By Christoph Götz
The continuing protectionist policies in Russia have hit the agricultural machinery industry particularly hard. In 2017, 500 million euros worth of tractors, combine harvesters, plows, cultivators and forage harvester produced in Germany made their way to country on the Volga. But the fact remains that demand for machinery in the world's largest agricultural country is far higher than this. If the Kremlin has its way, domestic technology will cover this demand. In an interview, Anthony van der Ley, CEO at an agricultural machinery company, and Michail Mizin, who represents VDMA's political interests in Russia, explain how innovative manufacturers can gain a foothold in the market there.
Mr. van der Ley, how would you assess the current situation of business in Russia regarding the agricultural machinery industry?
Anthony van der Ley: Demand for efficient agricultural technology is higher than at almost any other time in history, particularly in the large states of Russia and Ukraine, where we achieved growth of 20 percent or more last year. In 2017, German exports to Russia grew to around 500 million euros, allowing us to record excellent growth for the second year running. An important reason for the current boom is the increased income for farmers, which has resulted from the growing domestic demand for agricultural products. This is joined by the Russian government's subsidy policy, which has had a very positive effect for us, due to the high level of self-sufficiency that agricultural production now has to support. We are therefore expecting to maintain this high level of growth in 2018.
Despite continued isolationist tendencies, European agricultural machinery and tractor manufacturers are enjoying great success in Russia. Why is this and where is the problem?
Anthony van der Ley: Russia is and will continue to be one of the top markets for manufacturers of innovative agricultural machinery and tractors. The market potential is huge - not only due to the sheer size of the country, but also due to the modernization and productivity boom which has taken agribusiness by storm. However, ability to invest remains the Achilles' heel in many places. Farmers between Moscow and Vladivostok are struggling to understand the politically-motivated obstacles that the government has placed in their way with regards to financing, and are rightfully frustrated. After all, government programs which award low-interest loans and funding programs for investments in technology from "Mother Russia" restrict farmers' choice of agricultural machinery.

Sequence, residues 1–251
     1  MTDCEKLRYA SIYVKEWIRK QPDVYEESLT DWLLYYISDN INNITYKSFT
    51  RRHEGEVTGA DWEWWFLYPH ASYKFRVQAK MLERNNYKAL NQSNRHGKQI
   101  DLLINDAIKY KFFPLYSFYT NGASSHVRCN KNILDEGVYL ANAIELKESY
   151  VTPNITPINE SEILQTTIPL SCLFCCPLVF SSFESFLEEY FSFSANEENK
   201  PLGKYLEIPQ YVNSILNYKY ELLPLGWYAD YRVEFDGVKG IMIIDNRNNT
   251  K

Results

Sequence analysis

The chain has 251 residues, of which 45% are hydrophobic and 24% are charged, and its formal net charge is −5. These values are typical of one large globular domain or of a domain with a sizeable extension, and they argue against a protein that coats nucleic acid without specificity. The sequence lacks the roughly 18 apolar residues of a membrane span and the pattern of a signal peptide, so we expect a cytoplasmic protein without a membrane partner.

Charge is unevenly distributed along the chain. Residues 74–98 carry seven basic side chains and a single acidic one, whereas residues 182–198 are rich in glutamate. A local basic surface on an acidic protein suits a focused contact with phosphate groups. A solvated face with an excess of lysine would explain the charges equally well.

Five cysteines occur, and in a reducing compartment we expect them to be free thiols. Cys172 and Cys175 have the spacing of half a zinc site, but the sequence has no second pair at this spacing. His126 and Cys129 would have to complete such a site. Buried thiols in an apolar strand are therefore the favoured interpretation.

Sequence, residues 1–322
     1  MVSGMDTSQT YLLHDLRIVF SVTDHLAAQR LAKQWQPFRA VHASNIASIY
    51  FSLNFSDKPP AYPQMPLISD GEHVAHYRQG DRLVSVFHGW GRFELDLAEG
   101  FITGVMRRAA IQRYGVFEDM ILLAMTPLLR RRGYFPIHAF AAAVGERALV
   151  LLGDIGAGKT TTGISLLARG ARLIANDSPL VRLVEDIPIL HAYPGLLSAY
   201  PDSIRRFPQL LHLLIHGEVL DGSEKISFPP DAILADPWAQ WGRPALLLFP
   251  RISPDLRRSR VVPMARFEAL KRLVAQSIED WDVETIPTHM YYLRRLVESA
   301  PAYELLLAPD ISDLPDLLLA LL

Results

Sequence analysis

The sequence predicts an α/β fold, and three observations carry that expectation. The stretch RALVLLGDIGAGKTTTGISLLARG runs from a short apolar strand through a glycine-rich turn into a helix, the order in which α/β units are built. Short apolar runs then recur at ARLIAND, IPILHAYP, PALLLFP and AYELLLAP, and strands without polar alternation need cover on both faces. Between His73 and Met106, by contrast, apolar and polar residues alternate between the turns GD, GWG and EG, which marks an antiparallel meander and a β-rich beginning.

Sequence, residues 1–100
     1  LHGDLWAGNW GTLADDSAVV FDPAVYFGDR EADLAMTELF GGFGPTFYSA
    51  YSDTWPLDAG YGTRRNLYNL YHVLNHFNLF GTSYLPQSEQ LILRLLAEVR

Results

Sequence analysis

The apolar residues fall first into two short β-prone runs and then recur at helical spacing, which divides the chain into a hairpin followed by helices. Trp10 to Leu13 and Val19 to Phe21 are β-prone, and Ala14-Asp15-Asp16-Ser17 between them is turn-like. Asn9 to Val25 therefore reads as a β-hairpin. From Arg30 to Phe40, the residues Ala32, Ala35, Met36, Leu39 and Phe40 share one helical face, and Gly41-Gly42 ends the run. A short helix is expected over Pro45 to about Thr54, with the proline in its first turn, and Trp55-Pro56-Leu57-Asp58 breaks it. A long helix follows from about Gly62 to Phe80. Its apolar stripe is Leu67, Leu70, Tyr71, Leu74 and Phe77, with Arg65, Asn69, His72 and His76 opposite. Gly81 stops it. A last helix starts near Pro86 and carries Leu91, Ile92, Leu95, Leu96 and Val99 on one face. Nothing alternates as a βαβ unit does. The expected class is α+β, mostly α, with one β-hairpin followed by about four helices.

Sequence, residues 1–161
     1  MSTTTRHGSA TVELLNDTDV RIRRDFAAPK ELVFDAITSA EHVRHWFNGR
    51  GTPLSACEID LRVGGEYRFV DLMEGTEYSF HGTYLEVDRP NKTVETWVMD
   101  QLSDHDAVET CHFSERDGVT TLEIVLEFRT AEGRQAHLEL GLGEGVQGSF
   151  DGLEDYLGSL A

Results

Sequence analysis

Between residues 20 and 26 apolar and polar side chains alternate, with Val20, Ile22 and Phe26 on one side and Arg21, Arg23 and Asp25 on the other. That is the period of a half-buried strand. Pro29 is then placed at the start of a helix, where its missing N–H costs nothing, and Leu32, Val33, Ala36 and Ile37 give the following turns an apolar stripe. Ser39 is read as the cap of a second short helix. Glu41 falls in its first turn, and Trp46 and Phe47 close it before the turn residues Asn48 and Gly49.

Michail Mizin: Entrepreneurial companies suffer the most from this isolationism, as they must accept substantial losses of prosperity for no reason. The fact that many businesses are pulling out all the stops to increase their productivity with efficient, high-end machines, just goes to show how much potential there is for us in Russia.
Many view the situation in Russia as particularly volatile, not only due to the protectionist aspect, which has many different facets, from financial hurdles to tariffs. Where does the agricultural machinery sector, one of the largest machinery exporters, currently see the most need for action?
Anthony van der Ley: The crisis and sanction policies of the previous five years have inevitably led to uncertainty for exporters to Russia. Many sectors had to accept drastic losses, although fortunately these were limited in the agricultural technology sector. The general geopolitical situation therefore only had a very small effect on our sector from the very beginning. And yet, there is a large fly in the export ointment. Protective tariffs, temporary import quotas and a sustained policy of discriminatory state subsidies show that Moscow is ready to use every trick in the protectionism book, if necessary. To some extent, a gradual improvement is on the cards, but there is no reason to celebrate yet - Russia's economic and industrial policies are aiming towards self-sufficiency, particularly in agribusiness.